Explore women's achievement in the sports and the Olympic Games.
Women's Olympic ambitions naturally aligned with their interest in sports and competition.
However, the pathway to participation proved to be more a marathon than a sprint.
People at every social level formed teams, joined leagues, and learned the rules of the games.
Though not officially sanctioned, women participated in the second and third games in 1900 and 1904. It was not until 1908 in London that female athletes were specifically included. Margaret Abbot took first in women's golf in Paris in 1900, making her the first female American Olympic champion.
Matilda “Lida” Howell won three archery gold medals at the 1904 St. Louis Olympics. Howell captured 17 US national archery championships between 1883 and 1907.
The IOC slowly increased the number of women’s athletic events. American women entered Olympic swimming and diving events in 1920.
Elizabeth “Betty” Robinson of Riverdale, Illinois won the 100 meters in 1928 in Amsterdam, the first Olympic games to include women’s track and field events.
While elite, predominantly white universities eliminated women's athletic programs, many historically black colleges retained them. The most prolific program arose at Tennessee State University where Ed Temple served as head women's track coach from 1950 to 1994. During his tenure, forty members of his famed Tigerbelle teams represented Tennessee State in Olympic competition, winning a total of 23 medals (13 Gold, 6 Silver, and 4 Bronze). Temple coached famed Olympian Wilma Rudolph to three gold medals at the 1960 Rome Olympics.
On June 23, 1972, Congress enacted Title IX of the Education Amendments of 1972 prohibiting sex discrimination in any educational program or activity receiving any type of federal financial aid. Title IX alone did not immediately create access to sports for girls. Many fought to ensure its implementation.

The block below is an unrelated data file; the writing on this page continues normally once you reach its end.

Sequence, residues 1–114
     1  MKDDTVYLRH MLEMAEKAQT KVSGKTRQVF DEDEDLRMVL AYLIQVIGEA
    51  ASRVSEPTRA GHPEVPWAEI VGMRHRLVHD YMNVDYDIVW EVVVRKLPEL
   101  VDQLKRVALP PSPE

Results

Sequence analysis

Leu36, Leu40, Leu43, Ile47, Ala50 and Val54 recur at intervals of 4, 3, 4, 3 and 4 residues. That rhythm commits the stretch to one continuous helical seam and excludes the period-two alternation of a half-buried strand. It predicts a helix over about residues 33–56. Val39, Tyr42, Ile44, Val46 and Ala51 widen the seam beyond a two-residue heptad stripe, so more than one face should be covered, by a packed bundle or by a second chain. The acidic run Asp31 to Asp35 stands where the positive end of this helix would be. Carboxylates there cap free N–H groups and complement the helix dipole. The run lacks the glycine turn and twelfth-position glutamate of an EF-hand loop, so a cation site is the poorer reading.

US Representative Patsy Mink (D-Hawaii) was a principal author of the Education Amendments of 1972—later renamed the Patsy T. Mink Equal Opportunity in Education Act. A former high school basketball player who was restricted to half-court play under the girls’ rules, Mink made fighting gender discrimination a hallmark of her Congressional career.
Increasing numbers of girls and women in organized sports and an emphasis on women’s athletic achievements demonstrate that slowly but surely, women are getting back in the game.
As of 2018, there are only three Olympic sports that are not open to both men and women. These sports are Nordic combined, rhythmic gymnastics, and synchronized swimming. Nordic combined will be open to both men and women at the 2022 winter games in Beijing but there are no plans to integrate rhythmic gymnastics or synchronized swimming.
National Women's History Museum
Director of Program: Elizabeth L. Maurer
Content Development Intern: Abigail Thompson
Updated and Edited by Kenna Howat, Program Assistant